Atmosphere Ocean Science Colloquium
Simple Stochastic Dynamical Models Capturing the Statistical Diversity of El Nino Southern Oscillation
Speaker: Nan Chen, Courant
Location: Warren Weaver Hall 1302
Date: Wednesday, March 1, 2017, 3:30 p.m.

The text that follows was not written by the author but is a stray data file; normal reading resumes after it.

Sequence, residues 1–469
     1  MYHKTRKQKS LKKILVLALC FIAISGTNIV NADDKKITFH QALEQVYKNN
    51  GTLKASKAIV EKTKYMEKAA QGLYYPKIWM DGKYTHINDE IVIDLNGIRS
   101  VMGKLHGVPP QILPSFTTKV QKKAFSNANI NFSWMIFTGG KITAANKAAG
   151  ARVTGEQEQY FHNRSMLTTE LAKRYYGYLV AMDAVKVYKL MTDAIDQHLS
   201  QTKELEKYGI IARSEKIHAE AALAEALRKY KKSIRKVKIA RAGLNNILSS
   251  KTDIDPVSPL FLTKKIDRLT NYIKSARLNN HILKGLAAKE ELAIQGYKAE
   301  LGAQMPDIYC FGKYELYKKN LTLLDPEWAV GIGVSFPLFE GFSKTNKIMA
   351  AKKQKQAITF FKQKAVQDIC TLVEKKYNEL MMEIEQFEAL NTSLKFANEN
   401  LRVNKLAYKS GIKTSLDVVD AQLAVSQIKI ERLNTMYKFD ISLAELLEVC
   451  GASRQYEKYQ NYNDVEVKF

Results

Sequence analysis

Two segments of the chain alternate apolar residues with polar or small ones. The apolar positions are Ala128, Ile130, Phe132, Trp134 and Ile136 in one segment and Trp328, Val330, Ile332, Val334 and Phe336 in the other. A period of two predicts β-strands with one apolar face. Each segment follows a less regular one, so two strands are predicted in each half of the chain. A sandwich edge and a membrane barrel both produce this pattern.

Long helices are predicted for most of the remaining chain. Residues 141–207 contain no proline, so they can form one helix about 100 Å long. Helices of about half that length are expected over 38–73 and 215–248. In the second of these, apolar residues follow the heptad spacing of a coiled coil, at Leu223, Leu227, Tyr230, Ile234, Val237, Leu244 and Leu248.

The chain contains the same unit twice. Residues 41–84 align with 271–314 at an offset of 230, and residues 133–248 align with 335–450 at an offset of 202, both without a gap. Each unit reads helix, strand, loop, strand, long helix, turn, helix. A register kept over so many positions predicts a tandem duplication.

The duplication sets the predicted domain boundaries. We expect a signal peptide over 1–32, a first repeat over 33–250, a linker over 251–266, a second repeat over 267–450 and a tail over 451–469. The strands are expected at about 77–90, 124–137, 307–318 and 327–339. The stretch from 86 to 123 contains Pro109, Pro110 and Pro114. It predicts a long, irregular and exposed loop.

The El Nino Southern Oscillation (ENSO) has significant impact on global climate and seasonal prediction. A simple modeling framework is developed here that automatically captures the statistical diversity of ENSO. First, a stochastic parameterization of the wind bursts including both westerly and easterly winds is coupled to a simple ocean-atmosphere model that is otherwise deterministic, linear and stable. Secondly, a simple nonlinear zonal advection with no ad-hoc parameterization of the background sea surface temperature (SST) gradient and a mean easterly trade wind anomaly representing the multidecadal acceleration of the trade wind are both incorporated into the coupled model that enable anomalous warm SST in the central Pacific. Then a three-state stochastic Markov jump process is utilized to drive the wind burst activity that depends on the strength of the western Pacific warm pool in a simple and effective fashion. It allows the coupled model to simulate the quasi-regular moderate traditional El Nino, the super El Nino, the central Pacific (CP) El Nino as well as the La Nina with realistic features. In addition to the anomalous SST, the Walker circulation anomalies at different ENSO phases all resemble those in nature. In particular, the coupled model succeeds in reproducing the observed episode during 1990s, where a series of 5-year CP El Nino is followed by a super El Nino and then a La Nina. Importantly, both the variance and the non-Gaussian statistical features in different Nino regions spanning from the western to the eastern Pacific are captured by the coupled model.